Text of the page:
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26 August 2005 Axicon-based annular laser trap for studies on sperm activity
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As a powerful and noninvasive tool, laser trapping has been widely applied for the confinement and physiological study of biological cells and organelles. Researchers have used the single spot laser trap to hold individual sperm and quantitatively evaluated the motile force generated by a sperm. Early studies revealed the relationship between sperm motility and swimming behavior and helped the investigations in medical aspects of sperm activity. As sperm chemotaxis draws more and more interest in fertilization research, the studies on sperm-egg communication may help to explain male or female infertility and provide exciting new approaches to contraception. However, single spot laser trapping can only be used to investigate an individual target, which has limits in efficiency and throughput. To study the chemotactic response of sperm to eggs and to characterize sperm motility, an annular laser trap with a diameter of several hundred microns is designed, simulated with ray tracing tool, and implemented. An axicon transforms the wavefront such that the laser beam is incident on the microscope objective from all directions while filling the back aperture completely for high efficiency trapping. A trapping experiment with microspheres is carried out to evaluate the system performance. The power requirement for annular sperm trapping is determined experimentally and compared with theoretical calculations. With a chemo-attractant located in the center and sperm approaching from all directions, the annular laser trapping could serve as a speed bump for sperm so that motility characterization and fertility sorting can be performed efficiently.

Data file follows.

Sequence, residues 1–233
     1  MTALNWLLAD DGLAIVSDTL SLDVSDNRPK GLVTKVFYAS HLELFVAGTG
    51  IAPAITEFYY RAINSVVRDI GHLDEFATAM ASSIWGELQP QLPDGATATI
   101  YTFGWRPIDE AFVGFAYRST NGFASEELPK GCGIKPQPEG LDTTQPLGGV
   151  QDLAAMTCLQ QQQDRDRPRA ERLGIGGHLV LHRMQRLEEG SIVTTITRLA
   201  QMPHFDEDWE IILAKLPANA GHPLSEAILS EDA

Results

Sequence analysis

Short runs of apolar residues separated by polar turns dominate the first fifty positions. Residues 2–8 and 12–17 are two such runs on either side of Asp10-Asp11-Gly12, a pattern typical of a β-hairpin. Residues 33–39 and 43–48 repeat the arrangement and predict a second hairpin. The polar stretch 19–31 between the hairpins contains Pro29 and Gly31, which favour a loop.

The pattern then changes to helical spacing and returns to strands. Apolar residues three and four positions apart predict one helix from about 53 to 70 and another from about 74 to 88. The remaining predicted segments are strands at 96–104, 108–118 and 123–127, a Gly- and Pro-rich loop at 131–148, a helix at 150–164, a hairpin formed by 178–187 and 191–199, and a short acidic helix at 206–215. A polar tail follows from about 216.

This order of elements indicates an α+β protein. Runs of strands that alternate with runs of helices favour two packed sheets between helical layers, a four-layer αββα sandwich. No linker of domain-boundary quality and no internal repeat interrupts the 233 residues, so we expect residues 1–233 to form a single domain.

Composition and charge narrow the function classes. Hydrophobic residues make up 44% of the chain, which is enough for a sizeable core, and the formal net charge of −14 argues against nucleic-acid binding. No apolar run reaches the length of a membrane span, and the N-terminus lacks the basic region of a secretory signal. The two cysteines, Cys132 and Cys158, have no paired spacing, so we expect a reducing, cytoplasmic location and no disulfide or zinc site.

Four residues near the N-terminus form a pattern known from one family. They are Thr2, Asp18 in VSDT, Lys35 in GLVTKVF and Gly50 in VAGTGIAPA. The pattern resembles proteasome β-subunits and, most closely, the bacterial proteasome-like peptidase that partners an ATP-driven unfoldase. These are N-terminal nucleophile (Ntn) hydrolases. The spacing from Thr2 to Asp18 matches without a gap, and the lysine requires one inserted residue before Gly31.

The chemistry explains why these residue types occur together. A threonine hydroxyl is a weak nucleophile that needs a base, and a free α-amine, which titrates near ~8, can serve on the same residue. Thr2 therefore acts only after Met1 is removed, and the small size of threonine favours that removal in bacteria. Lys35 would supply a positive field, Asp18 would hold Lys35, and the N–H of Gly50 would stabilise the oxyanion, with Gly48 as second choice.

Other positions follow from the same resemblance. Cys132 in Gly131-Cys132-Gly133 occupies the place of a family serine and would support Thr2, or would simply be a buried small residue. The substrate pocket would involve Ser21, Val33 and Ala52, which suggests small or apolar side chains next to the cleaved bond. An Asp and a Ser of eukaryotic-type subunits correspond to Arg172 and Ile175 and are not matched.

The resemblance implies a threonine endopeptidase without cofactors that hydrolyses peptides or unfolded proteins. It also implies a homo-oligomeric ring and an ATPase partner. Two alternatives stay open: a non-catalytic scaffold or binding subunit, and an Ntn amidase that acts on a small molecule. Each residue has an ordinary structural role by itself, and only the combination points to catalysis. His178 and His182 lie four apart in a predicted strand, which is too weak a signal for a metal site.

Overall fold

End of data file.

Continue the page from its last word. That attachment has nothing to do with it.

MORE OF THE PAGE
© (2005) COPYRIGHT Society of Photo-Optical Instrumentation Engineers (SPIE). Downloading of the abstract is permitted for personal use only.
Bing Shao, Jaclyn M. Vinson, Elliot L. Botvinick, Sadik C. Esener, and Michael W. Berns "Axicon-based annular laser trap for studies on sperm activity", Proc. SPIE 5930, Optical Trapping and Optical Micromanipulation II, 59300D (26 August 2005);

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